“Use this ointment,” I said sternly to the girl with nettle rash, “and don’t scratch.”
THE DAY HADN’T CLEARED, but the rain had ceased for the moment. Fires smoked like smudge pots, as people hastened to take advantage of the momentary cessation to feed their carefully hoarded coals, pushing damp wood into the kindling blazes in a hasty effort to dry damp clothes and blankets. The air was still restless, though, and clouds of woodsmoke billowed ghostlike through the trees.
One such plume surged across the trail before him, and Roger turned to skirt it, making his way through tussocks of wet grass that soaked his stockings, and hanging boughs of pine that left dark patches of wetness on the shoulders of his coat as he passed. He paid the damp no mind, intent on his mental list of errands for the day.
To the tinkers’ wagons first, to buy some small token as a wedding present for Brianna. What would she like? he wondered. A bit of jewelry, a ribbon? He had very little money, but felt the need to mark the occasion with a gift of some sort.
He would have liked to put his own ring on her finger when they made their vows, but she had insisted that the cabochon ruby that had belonged to her grandfather would do fine; it fit her hand perfectly, and there was no need to spend money on another ring. She was a pragmatic person, Bree was—sometimes dismayingly so, in contrast to his own romantic streak.
Something practical but ornamental, then—like a painted chamber pot? He smiled to himself at the idea, but the notion of practicality lingered, tinged with doubt.
He had a vivid memory of Mrs. Abercrombie, a staid and practical matron of Reverend Wakefield’s congregation, who had arrived at the manse in hysterics one evening in the midst of supper, saying that she had killed her husband, and whatever should she do? The Reverend had left Mrs. Abercrombie in the temporary care of his housekeeper, while he and Roger, then a teenager, had hastened to the Abercrombie residence to see what had happened.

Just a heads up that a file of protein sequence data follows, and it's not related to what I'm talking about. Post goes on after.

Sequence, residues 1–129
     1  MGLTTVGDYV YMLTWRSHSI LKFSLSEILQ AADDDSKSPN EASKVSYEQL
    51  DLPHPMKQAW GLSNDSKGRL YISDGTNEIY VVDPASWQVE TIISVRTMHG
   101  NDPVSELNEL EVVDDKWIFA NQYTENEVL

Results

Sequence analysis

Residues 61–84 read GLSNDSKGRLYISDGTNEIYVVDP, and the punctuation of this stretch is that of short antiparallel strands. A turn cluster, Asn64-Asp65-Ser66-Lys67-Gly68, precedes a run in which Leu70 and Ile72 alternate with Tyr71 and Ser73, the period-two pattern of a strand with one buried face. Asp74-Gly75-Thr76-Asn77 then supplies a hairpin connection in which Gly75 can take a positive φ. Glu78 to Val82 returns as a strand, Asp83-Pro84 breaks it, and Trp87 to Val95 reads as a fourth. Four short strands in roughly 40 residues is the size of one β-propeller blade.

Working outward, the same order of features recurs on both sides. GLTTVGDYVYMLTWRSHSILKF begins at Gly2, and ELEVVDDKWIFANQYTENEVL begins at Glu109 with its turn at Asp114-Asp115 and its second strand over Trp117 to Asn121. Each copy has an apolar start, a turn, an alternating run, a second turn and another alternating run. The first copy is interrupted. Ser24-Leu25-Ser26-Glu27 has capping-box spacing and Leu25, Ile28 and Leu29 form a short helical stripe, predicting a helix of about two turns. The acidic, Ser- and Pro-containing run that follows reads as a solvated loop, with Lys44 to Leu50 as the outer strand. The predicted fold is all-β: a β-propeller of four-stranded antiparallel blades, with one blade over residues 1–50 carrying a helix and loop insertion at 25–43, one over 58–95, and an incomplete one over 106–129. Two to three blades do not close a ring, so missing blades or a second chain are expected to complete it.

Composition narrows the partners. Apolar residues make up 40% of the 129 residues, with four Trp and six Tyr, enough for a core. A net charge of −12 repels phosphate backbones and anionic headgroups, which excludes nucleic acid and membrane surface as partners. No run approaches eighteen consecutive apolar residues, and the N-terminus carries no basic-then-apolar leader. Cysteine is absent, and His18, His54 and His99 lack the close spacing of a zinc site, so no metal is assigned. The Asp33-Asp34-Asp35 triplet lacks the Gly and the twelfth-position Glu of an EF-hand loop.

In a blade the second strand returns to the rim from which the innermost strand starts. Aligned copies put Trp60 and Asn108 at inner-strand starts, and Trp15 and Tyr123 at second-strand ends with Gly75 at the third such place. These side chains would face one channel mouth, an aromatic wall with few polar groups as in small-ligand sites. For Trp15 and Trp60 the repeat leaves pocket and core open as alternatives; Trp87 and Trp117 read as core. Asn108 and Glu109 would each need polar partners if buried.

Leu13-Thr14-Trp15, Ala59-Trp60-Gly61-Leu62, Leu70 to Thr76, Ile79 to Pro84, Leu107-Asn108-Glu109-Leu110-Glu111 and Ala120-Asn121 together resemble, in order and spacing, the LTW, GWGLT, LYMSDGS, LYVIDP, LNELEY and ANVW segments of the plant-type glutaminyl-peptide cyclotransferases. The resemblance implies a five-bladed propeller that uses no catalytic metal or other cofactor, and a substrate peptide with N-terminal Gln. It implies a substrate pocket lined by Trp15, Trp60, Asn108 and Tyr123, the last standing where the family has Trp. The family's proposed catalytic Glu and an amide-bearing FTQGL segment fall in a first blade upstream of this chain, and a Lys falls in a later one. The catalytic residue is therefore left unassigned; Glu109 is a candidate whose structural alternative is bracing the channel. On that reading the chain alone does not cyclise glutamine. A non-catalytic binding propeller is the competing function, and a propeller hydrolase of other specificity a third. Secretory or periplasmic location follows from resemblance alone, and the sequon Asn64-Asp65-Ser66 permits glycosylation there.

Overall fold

They had found Mr. Abercrombie on the floor of his kitchen, fortunately still alive, though groggy and bleeding profusely from a minor scalp wound occasioned by his having been struck by the new electric steam iron which he had presented to his wife on the occasion of their twenty-third wedding anniversary.
“But she said the old one scorched the tea towels!” Mr. Abercrombie had repeated at plaintive intervals, as the Reverend skillfully taped up his head with Elastoplast, and Roger mopped up the kitchen.
It was the vivid memory of the gory splotches on the worn lino of the Abercrombies’ kitchen that decided him. Pragmatic Bree might be, but this was their wedding. Better, worse, death do us part. He’d go for romantic—or as romantic as could be managed on one shilling, threepence.
There was a flash of red among the spruce needles nearby, like the glimpse of a cardinal. Bigger than the average bird, though; he stopped, bending to peer through an opening in the branches.
“Duncan?” he said. “Is that you?”
Duncan Innes came out of the trees, nodding shyly. He still wore the scarlet Cameron tartan, but had left off his splendid coat, instead wrapping the end of his plaid shawllike round his shoulders in the cozy old style of the Highlands.
“A word, a Smeòraich?” he said.
“Aye, sure. I’m just off to the tinkers’—walk with me.” He turned back to the trail—now clear of smoke—and they made their way companionably across the mountain, side by side.
Roger said nothing, waiting courteously for Duncan to choose his way into the conversation. Duncan was diffident and retiring by temperament, but observant, perceptive, and stubborn in a very quiet way. If he had something to say, he’d say it—given time. At last he drew breath and started in.